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How to handle those #MomFail moments
Every mother feels like a failure at some point, but the trick is to realize our children don't dwell on our mistakes nearly as much as we do. - photo by Erin Stewart
I recently had one of those moments of motherhood that can only be described as an epic mom fail.

It happened last week on a sunny afternoon when I was teaching my 5-year-old daughter how to ride her brand-new "Frozen"-themed scooter. She was decked out in her "Frozen" sneakers and her insanely bright, rainbow unicorn helmet. I had on a skirt and flip-flops, but decided I would just quickly show her how to get started on the scooter.

Watch and learn, kid.

Five seconds later, I am flying head-first over the handlebars onto the sidewalk. This was not a graceful tumble. Oh no. This was a full-body lurch through the air with my arms flailing wildly before I sprawled out on the sidewalk with my skirt around my waist and the echo of my shrill scream still hanging in the air. Blood streamed down my leg as my children and I both realized the skin on my knee had been scraped off almost completely.

I wiped up the blood and hobbled into the house as my 5-year-od declared, I dont ever want to ride that scooter. Ever.

As I looked from her to my skinned knee to the abandoned scooter on the sidewalk, the only thing I could think was #momfail. This is the label moms use on social media to declare their moments of idiocy, failure or embarrassment as they navigate through the wilds of motherhood. We all have these moments where we just think, I should definitely not be allowed to have children.

Its now been over a week since my ridiculous display of inexplicable klutziness and inability to ride a childs toy on a flat sidewalk. My daughter still has not attempted to ride her new toy. It probably also didnt help that my skinned knee got infected and I ended up at the urgent care and on antibiotics. My mom fail was turning into a disaster.

All week I was beating myself up. I have scarred my child so badly she will not even enjoy the toy she wanted for months. I felt horrible and I didnt know how to make things right.

So recently I asked her, Honey, are you not riding the scooter because I fell?

She took a deep breath and put her hand on my mine with a somber look in her eyes.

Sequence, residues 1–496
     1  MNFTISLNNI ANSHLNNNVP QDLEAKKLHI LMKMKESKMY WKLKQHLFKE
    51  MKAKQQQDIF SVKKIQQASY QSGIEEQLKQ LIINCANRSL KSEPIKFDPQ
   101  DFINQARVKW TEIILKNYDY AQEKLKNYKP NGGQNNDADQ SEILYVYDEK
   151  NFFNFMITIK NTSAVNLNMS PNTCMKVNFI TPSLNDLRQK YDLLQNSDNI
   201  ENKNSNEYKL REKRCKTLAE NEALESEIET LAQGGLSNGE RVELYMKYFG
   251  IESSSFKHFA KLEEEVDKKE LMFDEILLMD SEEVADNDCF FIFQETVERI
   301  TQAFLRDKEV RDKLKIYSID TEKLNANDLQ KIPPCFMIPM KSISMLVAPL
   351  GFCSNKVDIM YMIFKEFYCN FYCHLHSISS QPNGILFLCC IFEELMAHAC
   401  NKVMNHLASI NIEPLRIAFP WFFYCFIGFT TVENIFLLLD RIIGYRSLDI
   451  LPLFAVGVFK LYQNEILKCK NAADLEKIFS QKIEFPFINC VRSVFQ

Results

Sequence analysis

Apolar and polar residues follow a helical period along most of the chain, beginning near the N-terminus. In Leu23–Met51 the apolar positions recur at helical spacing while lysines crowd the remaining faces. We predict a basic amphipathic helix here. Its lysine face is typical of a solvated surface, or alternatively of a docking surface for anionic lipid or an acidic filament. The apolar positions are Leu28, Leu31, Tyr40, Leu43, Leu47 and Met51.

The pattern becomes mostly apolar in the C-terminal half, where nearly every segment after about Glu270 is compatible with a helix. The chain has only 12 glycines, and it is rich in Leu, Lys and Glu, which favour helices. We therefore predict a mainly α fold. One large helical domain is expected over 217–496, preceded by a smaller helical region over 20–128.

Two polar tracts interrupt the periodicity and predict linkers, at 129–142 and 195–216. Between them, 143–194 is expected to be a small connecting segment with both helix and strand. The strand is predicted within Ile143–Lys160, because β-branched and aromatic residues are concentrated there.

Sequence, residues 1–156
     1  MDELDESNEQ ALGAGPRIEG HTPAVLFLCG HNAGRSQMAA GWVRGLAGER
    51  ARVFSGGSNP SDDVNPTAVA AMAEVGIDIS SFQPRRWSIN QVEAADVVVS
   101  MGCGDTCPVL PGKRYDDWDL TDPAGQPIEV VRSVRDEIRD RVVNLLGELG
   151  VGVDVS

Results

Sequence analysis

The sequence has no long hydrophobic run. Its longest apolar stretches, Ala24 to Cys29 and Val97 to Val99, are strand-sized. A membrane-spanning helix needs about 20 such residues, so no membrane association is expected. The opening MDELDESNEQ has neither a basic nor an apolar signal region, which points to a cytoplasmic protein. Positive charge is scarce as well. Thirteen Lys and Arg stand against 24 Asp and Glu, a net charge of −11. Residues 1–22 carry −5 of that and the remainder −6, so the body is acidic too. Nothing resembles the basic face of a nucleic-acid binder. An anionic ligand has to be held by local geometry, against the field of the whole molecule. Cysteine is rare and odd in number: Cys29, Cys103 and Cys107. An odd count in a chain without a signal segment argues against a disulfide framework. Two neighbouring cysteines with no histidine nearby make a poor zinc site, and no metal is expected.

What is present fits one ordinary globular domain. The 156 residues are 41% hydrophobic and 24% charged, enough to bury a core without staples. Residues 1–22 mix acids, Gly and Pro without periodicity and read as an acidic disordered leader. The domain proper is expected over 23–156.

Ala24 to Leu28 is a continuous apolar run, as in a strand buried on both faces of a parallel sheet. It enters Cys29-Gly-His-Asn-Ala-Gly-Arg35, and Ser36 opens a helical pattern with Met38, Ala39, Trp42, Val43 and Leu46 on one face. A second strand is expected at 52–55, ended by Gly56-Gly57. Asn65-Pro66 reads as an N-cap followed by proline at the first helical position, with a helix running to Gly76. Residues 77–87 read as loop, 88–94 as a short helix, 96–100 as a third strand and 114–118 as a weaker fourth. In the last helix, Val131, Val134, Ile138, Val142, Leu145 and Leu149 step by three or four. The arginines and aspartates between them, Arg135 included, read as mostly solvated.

Mom, I do want to ride it, but I dont want to make you feel bad. Im really good at it. You were really bad.

I couldnt help but laugh at her earnest concern for my ego, which is, in fact, largely based on my "Frozen" scootering skills. But her response also made me laugh at myself. I had been hating myself all week for destroying this pivotal childhood moment for my daughter.

Like so many times since becoming a mother, I was judging myself over something that my kids didnt even care about or notice. I was piling on mommy guilt for no reason and mentally filing yet another shortcoming under #momfail.

But guess what? My children dont keep a Twitter account of #momfails. I am the only one keeping that hurtful file. Sometimes I think Id be a much more confident mom if I could just see myself the way my children do.

Scootering skills aside, they think Im about the best mom in the world. I have several Mothers Day cards that prove it.

The point is, we all fail sometimes, whether its a scooter crash or that one day I completely forgot to feed my kids dinner (oh, dont act like youve never done it). Whatever the mistake, we feel like we are simply not good enough. We will wonder how in the world we were allowed to leave the hospital with these children. We will look at some supermoms blog and secretly loathe ourselves because we dont make themed bento box lunches. We will inevitably feel like we are not good enough and that we are failing at motherhood.

But this whole scootering incident reminded me once again that even in those dark, lonely moments when we fear we have failed our children miserably, they still love us and know we are doing our best. We arent failures just because we arent perfect. We simply cant fail as moms as long as we are loving our kids wholeheartedly and learning from our mistakes.

And thats the most important part of any #momfail, anyway. We try again tomorrow. We recommit. We get up off the sidewalk, brush ourselves off and hobble onward like nothing happened.

So, no, I will not be competing in the X Games anytime soon. But you can bet Ill be hitting the sidewalks with my daughter (once I can walk without a limp), showing her that one fall or fail doesnt make me a failure. It makes me human.

And it makes me an even better mother tomorrow than I am today.
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